Other Survey Findings

Thirty-four percent of participants in life insurance plans had their insurance protection defined as a multiple of their earnings; for virtually all of the remainder, the insurance protection was a stated amount in dollars (usually thousands). On average, insurance for full-time employees amounted to 1.4 times earnings if a multiple of earnings and just over $16,000 if a stated amount.

Two other benefits were fairly common to full-time employees in small private establishments; nonproduction bonus plans and plans providing assistance for job-related educational expenses covered about 2 out of 5 employees.

Part-time employees were less likely to be covered by most benefit programs. The most common benefits could be prorated to time worked - for example, paid leave. Thirty percent of part-time employees received a paid vacation; 24 percent received paid holidays. Part-time employees had a far smaller chance of participating in benefits that had substantial per capita costs - for example, health insurance; only 6 percent of part-time employees participated in their employer-sponsored medical plans.


With a systematic recruitment, hiring, and retention process in place, the employer can focus on the final piece of the puzzle: In order to create the right have to be the right boss. So much of an employers time is spent evaluating the quality of their employees. But how many times have you honestly accessed your own skills as a manager or business owner? In order to be surrounded by great employees, you need to be a great boss. If you can make your employees believe in you and your company, they will try harder and care more about their work. In order to keep people committed to your company, you need to be worthy enough for their commitment.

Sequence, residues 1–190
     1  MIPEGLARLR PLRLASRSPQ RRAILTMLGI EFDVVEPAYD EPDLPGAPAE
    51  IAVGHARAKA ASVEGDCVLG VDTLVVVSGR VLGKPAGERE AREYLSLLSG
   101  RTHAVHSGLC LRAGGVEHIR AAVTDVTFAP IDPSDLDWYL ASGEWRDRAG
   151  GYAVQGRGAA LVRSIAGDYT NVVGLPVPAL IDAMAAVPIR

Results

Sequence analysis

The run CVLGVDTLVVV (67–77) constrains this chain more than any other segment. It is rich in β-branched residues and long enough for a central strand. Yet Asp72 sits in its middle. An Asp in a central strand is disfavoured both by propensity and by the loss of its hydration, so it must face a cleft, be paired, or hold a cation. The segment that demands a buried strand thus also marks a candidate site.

According to Improving Workplace Performance Through Coaching from American Media Publishing in DesMoines, Iowa, to effectively deal with employees, a manager or business owner should learn about coaching. Coaching is an ongoing process designed to help an employee gain greater competence and overcome barriers to improving performance. Coaching is appropriate when an employee has the ability and knowledge to succeed but performance is not at the level needed. The goal of coaching is to create a change in behavior, to move employees from where they are to where you want them to be.

There are two different types of coaching: spontaneous, on-the-spot coaching and planned, formal coaching. Both can be effective if done properly; however, many attempts at on-the-job coaching fail because of the manager's natural tendency to take over. For example, a contractor who accompanies a field worker on a job may have to intervene to "fix" the job if he sees the work is going badly. Instead, the contractor could should coach the worker first and then allow the worker to deal with the situation. Another manager may believe he is coaching when he pushes an employee away from the computer and says, "Here, let me show you," and then finishes the job.

These interventions are not coaching-they demonstrate a lack of confidence in the employee and undermine any further coaching efforts. The employee never learns to develop the skills that may improve future performance. Good coaching, whether planned or spontaneous, focuses on developing the employee, not making the manger look good.